Measuring Users Experiences: Retrospect and Prospect
Speakers: Effie Lai-Chong Law
Topic(s): Human Computer Interaction,Measurement & Evaluation
In 2011 I was exploring the issue on the measurability of users’ experiences, as inspired by my collaboration with a group of HCI researchers to analyse several fundamental issues - definitional, theoretical, methodological, and practical - pertaining to the field of User Experience (UX). Nonetheless, the inquiry whether users’ experiences could be measured in a meaningful, valid and reliable way received mixed responses from the HCI community. Some found the inquiry worthwhile to investigate, given the goal of identifying standardized metrics in UX, which were (and still are) lacking. Some dismissed the inquiry as irrelevant, but interestingly based on two opposite lines of argument. One claim is that experiences, affects and emotions have been measured for decades in psychological research, and therefore the measurability of users’ experiences should not be a concern. The other claim is that quantifying or giving numeric values to users’ experiences or affective responses is essentially meaningless, because implications one can draw from those values, especially for product design, are limited. The controversies can be boiled down to the basic problem: What do we talk about when we talk about “User Experience” or its acronym “UX”? Pedantically speaking, different linguistic expressions of the two words could connote different things: (user experience) vs. (users’ experiences) vs. (user-experience), but dissecting their nuances is another level of debate. Nevertheless, in resonance with the views of some other UX researchers, I refer to UX as a field of which the core is users’ emotional responses in connection with interactive technologies.
In this talk I will revisit the definitional problem of UX that was surveyed in 2009. Since then some studies have looked into this problem; it is intriguing to review new insights thus gained to shed light onto the issue of measurability. Apart from this conceptual perspective, I will address the issue from the practical perspective, namely discussing how psychophysiological measurements have increasingly been deployed as UX metrics, though sceptics remain. Clearly, such measures alone are not enough to infer emotional responses, which need to be subjectively interpreted by users who are experiencing or have experienced them. Questionnaires are arguably one of the most cost-effective means to capture such subjective data. But there are a plethora of options. Which one is optimal for evaluating a specific application is disputable; the number of items (length) seems a key criterion in industrial settings whereas the number of constructs (content) seems more relevant for academic settings. In addition, various qualitative methods such as interviews, ethnographic observations, and narrative-based analysis yield data that can be converted into numeric measures, say, with data mining techniques. Such processes can lead to deeper insights into users’ experiences of the interactive system in question. While this can be valued by academic researchers, the time required can be a barrier for real-life practices. Despite or given these recurrent research-practice gaps, will standardized metrics in UX, comparable to the three prototypical usability metrics, eventually be developed? Is it an inherently unfeasible endeavour or is it something critical yet to be discovered?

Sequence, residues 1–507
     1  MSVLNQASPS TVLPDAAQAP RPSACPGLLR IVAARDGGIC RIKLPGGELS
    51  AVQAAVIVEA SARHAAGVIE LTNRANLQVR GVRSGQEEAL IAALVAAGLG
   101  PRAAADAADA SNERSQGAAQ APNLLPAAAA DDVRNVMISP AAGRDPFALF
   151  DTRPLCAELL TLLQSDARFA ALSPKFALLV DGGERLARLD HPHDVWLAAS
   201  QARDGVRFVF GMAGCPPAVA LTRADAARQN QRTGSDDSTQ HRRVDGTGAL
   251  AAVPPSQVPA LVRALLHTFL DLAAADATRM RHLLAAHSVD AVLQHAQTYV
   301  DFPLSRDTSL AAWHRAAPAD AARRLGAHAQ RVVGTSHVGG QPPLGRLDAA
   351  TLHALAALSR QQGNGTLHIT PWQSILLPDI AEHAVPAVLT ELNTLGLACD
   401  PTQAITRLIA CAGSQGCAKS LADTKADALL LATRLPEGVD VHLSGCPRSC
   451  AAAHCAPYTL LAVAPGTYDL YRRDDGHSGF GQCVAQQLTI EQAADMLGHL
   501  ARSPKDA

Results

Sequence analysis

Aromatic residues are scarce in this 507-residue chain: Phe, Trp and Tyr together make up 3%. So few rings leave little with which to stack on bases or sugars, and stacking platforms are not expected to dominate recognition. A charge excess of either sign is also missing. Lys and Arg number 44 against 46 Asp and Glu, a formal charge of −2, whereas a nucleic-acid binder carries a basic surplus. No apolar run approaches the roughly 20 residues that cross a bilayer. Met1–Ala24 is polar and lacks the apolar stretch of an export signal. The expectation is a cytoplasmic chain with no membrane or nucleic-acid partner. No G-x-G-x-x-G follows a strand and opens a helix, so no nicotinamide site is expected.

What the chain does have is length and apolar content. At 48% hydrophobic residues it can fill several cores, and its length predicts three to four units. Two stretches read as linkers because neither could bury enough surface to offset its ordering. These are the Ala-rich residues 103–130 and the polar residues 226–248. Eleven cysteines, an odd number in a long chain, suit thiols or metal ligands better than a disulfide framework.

With a systematic retrospect I hope to contribute to the prospect of making this endeavour realizable.
About this Lecture
Number of Slides: 45
Duration: 60 minutes
Languages Available: English
Last Updated: 12-07-2015
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